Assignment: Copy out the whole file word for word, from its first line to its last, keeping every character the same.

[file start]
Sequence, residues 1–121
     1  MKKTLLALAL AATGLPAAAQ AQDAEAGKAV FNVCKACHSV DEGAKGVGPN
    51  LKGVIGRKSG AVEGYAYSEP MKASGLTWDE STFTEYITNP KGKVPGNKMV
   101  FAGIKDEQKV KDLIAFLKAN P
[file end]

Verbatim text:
Sequence, residues 1–121
     1  MKKTLLALAL AATGLPAAAQ AQDAEAGKAV FNVCKACHSV DEGAKGVGPN
    51  LKGVIGRKSG AVEGYAYSEP MKASGLTWDE STFTEYITNP KGKVPGNKMV
   101  FAGIKDEQKV KDLIAFLKAN P